Twitter Demographics

The data shown below were collected from the profiles of 17 tweeters who shared this research output. Click here to find out more about how the information was compiled.

Mendeley readers

The data shown below were compiled from readership statistics for 245 Mendeley readers of this research output. Click here to see the associated Mendeley record.

Geographical breakdown

Country Count As %
United States 2 <1%
Mexico 1 <1%
Netherlands 1 <1%
France 1 <1%
Unknown 240 98%

Demographic breakdown

Readers by professional status Count As %
Researcher 48 20%
Student > Ph. D. Student 46 19%
Student > Master 24 10%
Student > Bachelor 18 7%
Professor 17 7%
Other 55 22%
Unknown 37 15%
Readers by discipline Count As %
Biochemistry, Genetics and Molecular Biology 65 27%
Agricultural and Biological Sciences 49 20%
Medicine and Dentistry 45 18%
Nursing and Health Professions 7 3%
Computer Science 5 2%
Other 32 13%
Unknown 42 17%

Attention Score in Context

This research output has an Altmetric Attention Score of 8. This is our high-level measure of the quality and quantity of online attention that it has received. This Attention Score, as well as the ranking and number of research outputs shown below, was calculated when the research output was last mentioned on 18 November 2015.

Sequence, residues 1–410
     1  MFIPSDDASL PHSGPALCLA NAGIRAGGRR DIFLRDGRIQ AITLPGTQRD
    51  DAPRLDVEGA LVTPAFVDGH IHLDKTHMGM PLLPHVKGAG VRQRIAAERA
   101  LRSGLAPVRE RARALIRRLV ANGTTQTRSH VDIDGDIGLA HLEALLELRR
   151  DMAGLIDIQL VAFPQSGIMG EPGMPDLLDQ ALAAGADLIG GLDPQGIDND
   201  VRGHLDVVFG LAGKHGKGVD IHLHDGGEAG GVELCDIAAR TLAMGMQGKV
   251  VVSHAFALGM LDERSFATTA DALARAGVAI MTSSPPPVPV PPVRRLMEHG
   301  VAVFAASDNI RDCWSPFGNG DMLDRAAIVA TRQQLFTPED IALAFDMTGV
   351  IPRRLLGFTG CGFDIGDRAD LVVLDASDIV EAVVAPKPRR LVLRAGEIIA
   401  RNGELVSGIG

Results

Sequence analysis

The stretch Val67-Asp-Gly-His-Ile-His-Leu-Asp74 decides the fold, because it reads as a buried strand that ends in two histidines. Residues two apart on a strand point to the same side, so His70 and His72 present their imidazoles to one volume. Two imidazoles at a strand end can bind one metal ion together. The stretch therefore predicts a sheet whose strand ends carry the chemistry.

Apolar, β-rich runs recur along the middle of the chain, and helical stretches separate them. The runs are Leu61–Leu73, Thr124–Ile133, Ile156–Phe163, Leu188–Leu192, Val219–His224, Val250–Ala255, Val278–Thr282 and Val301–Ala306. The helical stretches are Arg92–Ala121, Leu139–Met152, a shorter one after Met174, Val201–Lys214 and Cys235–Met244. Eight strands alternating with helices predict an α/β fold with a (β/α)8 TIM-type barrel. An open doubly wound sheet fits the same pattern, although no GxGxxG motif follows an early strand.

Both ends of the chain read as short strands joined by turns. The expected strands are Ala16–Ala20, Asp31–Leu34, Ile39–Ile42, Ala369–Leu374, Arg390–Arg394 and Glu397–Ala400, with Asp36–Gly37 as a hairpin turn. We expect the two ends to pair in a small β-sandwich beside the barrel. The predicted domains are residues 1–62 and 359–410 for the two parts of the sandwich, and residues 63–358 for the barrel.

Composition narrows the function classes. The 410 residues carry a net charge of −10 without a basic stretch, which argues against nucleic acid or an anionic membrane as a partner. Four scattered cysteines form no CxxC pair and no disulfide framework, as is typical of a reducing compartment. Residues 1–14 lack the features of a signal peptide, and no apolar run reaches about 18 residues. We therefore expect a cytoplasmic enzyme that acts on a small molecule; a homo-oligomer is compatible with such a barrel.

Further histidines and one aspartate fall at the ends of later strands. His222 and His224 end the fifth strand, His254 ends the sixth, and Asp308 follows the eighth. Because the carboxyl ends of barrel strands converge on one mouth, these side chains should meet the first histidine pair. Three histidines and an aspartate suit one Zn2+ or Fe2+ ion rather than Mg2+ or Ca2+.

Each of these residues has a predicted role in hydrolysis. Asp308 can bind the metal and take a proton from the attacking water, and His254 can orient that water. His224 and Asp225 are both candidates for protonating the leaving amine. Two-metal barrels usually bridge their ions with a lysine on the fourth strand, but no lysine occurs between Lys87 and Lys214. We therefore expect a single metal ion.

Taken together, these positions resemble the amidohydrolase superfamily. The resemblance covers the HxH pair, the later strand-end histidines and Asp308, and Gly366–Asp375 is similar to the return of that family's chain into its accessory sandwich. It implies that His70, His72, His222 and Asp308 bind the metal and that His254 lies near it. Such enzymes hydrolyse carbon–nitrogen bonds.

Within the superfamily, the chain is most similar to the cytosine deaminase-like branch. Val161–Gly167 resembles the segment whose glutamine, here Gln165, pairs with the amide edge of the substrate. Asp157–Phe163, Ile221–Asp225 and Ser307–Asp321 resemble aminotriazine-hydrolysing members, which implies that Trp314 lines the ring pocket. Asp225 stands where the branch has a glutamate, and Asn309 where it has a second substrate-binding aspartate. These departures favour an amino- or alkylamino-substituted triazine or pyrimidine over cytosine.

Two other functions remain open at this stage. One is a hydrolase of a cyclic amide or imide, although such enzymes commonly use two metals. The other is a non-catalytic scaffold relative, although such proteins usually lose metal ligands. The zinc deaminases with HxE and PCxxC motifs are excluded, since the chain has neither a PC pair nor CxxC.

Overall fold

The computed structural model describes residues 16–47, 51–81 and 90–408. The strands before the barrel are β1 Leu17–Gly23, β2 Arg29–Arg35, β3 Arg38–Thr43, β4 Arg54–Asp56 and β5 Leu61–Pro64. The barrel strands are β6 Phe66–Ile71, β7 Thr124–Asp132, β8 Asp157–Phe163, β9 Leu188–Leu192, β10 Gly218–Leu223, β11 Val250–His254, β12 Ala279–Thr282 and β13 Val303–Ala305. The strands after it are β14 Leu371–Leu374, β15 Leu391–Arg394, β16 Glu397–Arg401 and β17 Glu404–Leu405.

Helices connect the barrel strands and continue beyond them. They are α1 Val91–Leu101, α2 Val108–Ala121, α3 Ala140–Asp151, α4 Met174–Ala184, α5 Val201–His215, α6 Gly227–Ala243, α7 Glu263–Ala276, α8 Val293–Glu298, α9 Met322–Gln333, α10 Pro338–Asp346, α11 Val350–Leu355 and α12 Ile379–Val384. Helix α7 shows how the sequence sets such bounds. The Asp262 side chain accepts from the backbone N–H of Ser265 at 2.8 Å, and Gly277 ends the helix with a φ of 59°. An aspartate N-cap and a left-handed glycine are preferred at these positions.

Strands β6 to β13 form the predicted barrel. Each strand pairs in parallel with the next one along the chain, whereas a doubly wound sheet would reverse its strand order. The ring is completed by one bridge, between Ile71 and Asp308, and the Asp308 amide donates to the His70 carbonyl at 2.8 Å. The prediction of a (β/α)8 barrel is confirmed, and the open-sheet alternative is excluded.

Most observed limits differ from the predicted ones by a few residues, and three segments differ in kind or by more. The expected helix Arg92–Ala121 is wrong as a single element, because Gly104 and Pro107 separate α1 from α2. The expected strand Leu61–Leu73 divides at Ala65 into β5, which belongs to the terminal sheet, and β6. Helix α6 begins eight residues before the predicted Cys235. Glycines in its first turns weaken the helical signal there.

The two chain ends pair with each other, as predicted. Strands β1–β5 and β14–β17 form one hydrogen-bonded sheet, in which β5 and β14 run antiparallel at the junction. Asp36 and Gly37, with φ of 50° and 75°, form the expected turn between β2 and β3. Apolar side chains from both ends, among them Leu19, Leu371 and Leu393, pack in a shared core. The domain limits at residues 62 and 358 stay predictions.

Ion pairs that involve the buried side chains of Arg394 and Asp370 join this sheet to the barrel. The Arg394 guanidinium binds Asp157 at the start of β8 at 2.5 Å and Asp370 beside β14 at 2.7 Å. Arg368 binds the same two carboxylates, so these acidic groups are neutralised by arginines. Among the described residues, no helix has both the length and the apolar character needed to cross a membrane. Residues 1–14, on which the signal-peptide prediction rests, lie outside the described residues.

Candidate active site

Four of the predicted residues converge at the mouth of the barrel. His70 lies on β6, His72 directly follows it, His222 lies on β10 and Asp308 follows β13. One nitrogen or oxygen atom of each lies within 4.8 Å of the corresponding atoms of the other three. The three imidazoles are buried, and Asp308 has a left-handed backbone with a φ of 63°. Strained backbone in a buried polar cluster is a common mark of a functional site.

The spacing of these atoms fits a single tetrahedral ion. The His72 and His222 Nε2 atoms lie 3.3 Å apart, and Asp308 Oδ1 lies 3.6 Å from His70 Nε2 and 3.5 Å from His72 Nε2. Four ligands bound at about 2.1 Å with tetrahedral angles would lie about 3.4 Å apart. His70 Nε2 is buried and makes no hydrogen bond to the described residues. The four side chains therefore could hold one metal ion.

All research outputs
#2,051,572
of 13,368,242 outputs
Outputs from PLoS Genetics
#2,343
of 6,628 outputs
Outputs of similar age
#30,802
of 194,121 outputs
Outputs of similar age from PLoS Genetics
#55
of 172 outputs
Altmetric has tracked 13,368,242 research outputs across all sources so far. Compared to these this one has done well and is in the 84th percentile: it's in the top 25% of all research outputs ever tracked by Altmetric.
So far Altmetric has tracked 6,628 research outputs from this source. They typically receive a lot more attention than average, with a mean Attention Score of 14.4. This one has gotten more attention than average, scoring higher than 64% of its peers.
Older research outputs will score higher simply because they've had more time to accumulate mentions. To account for age we can compare this Altmetric Attention Score to the 194,121 tracked outputs that were published within six weeks on either side of this one in any source. This one has done well, scoring higher than 84% of its contemporaries.
We're also able to compare this research output to 172 others from the same source and published within six weeks on either side of this one. This one has gotten more attention than average, scoring higher than 68% of its contemporaries.